Description & Behavior

Moorish idols, Zanclus cornutus (Linnaeus, 1758), aka monish idols and morishidols have been one of the most iconic coral reef fishes for a long time. The Moors thought they brought happiness, which is how they got their name. They are highly sought for aquariums, but do not survive well in captivity. Moorish idols are closely related to, and may be a direct descendant of, the extinct Eozanclus brevirhostris.

Moorish idols are a small reef fish, with a maximum length of 23 cm, and are normally around 21 cm. They are boldly colored with white, yellow, and black vertical bars on their very compressed, disk-like bodies. They have long, tubular snouts that end with their small mouths, and their eyes are set high on their bodies. Adults have visible bumps above their eyes. The fins on Moorish idols are relatively small, except for the 7-8 dorsal spines, which extend and sweep back along the body in a whip-like manner. These dorsal extensions shorten with age.

Moorish idols are diurnal (active during the day) and may be seen alone or in pairs, occasionally forming large schools. Juveniles may be more likely to school in small groups than adults. Adult individuals mate for life, and males will show aggression towards other males.

World Range & Habitat

Moorish idols, Zanclus cornutus, prefer flat reefs in depths between 3 m – 182 m, and can be found in both clear and murky subtropical waters, including inner lagoons, and rocky and coral reefs. They are widely distributed throughout the Indo-Pacific, including southern Japan, Micronesia, Hawaii, the Ducie Islands, and East Africa. In the eastern Pacific, they are found in the southern Gulf of California down to Peru.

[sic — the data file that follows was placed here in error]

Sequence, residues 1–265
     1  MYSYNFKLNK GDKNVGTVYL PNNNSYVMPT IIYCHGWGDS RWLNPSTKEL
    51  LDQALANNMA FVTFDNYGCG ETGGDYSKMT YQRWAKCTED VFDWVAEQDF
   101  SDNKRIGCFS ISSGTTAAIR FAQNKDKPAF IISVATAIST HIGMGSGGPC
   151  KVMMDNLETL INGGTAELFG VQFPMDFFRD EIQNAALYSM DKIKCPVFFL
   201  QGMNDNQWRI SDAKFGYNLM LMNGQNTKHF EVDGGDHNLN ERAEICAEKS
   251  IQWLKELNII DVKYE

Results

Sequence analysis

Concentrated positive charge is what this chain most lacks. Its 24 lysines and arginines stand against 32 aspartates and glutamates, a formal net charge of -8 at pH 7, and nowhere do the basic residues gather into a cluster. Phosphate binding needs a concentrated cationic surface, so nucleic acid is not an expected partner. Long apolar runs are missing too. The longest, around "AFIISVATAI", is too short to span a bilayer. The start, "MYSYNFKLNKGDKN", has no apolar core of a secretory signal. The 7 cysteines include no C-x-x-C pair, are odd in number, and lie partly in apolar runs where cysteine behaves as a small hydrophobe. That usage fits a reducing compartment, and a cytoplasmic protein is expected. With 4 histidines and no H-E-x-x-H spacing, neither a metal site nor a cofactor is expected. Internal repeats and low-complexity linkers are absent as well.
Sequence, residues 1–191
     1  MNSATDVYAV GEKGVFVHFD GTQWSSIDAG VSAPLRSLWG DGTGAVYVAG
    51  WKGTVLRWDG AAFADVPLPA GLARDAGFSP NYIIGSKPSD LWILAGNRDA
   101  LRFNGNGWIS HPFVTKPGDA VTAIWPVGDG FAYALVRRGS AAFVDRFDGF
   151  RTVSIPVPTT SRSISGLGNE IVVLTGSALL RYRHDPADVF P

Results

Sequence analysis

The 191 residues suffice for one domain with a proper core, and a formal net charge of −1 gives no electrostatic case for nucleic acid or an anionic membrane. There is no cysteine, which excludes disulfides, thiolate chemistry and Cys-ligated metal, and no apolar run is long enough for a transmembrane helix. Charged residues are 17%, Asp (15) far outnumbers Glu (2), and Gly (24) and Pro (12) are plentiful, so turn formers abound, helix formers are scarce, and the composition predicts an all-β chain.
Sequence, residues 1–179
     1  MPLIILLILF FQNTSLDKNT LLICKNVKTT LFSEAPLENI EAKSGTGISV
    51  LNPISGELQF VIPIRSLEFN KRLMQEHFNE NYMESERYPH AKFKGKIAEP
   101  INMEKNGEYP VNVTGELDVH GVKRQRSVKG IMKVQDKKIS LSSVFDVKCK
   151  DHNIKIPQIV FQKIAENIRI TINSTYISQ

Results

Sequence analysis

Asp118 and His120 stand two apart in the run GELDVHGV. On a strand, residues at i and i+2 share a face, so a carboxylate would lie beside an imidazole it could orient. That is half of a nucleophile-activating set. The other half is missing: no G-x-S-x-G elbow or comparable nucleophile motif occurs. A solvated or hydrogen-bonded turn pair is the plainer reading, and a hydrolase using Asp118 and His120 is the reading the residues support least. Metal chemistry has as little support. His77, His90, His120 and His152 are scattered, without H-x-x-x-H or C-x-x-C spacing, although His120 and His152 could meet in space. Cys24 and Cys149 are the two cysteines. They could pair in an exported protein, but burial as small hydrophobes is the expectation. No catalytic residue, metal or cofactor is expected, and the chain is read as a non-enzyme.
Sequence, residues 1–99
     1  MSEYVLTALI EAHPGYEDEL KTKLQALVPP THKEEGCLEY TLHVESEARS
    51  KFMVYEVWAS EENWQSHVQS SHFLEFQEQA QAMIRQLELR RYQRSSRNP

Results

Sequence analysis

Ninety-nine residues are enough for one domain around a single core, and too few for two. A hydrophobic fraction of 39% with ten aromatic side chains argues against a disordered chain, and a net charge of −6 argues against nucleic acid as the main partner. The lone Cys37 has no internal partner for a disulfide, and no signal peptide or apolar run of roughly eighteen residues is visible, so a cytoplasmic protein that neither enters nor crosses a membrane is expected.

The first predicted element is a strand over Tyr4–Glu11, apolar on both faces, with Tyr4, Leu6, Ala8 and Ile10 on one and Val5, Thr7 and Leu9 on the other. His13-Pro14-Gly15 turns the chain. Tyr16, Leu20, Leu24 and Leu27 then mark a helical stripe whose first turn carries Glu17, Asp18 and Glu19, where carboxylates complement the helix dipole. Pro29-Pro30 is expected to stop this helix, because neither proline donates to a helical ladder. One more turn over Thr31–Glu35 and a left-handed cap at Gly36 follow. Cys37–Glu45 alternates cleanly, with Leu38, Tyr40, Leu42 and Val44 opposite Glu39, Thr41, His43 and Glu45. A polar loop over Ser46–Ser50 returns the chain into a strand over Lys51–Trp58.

Feeding Behavior (Ecology)

Moorish idols, Zanclus cornutus, feed mainly on encrusted life, including sponges, tunicates, and other invertebrates and algae in the benthic zone (seafloor).

Life History

Moorish idols, Zanclus cornutus, have an unusually long, pelagic larval stage which is thought to be responsible for their wide distribution. Individuals reach a size of 7.5 cm, floating with the currents, before becoming free-swimming juveniles. Adults mate for life.

Conservation Status & Comments

Moorish idols, Zanclus cornutus, are not yet evaluated by the IUCN. They are “harvested” for food in subsistence fisheries, and taken commercially for the aquarium trade.

Resilience to fishing pressure: Unknown
Extinction vulnerability to fishing: Low vulnerability (12 of 100)

References & Further Research

Research Zanclus cornutus @
Barcode of Life right arrow BioOne right arrow Biodiversity Heritage Library right arrow CITES right arrow Cornell Macaulay Library right arrow Encyclopedia of Life (EOL) right arrow ESA Online Journals right arrow FishBase right arrow Florida Museum of Natural History Ichthyology Department right arrow GBIF right arrow Google Scholar right arrow ITIS right arrow IUCN RedList (Threatened Status) right arrow Marine Species Identification Portal right arrow NCBI (PubMed, GenBank, etc.) right arrow Ocean Biogeographic Information System right arrow PLOS right arrow SIRIS right arrow Tree of Life Web Project right arrow UNEP-WCMC Species Database right arrow WoRMS

Search for Moorish Idols @
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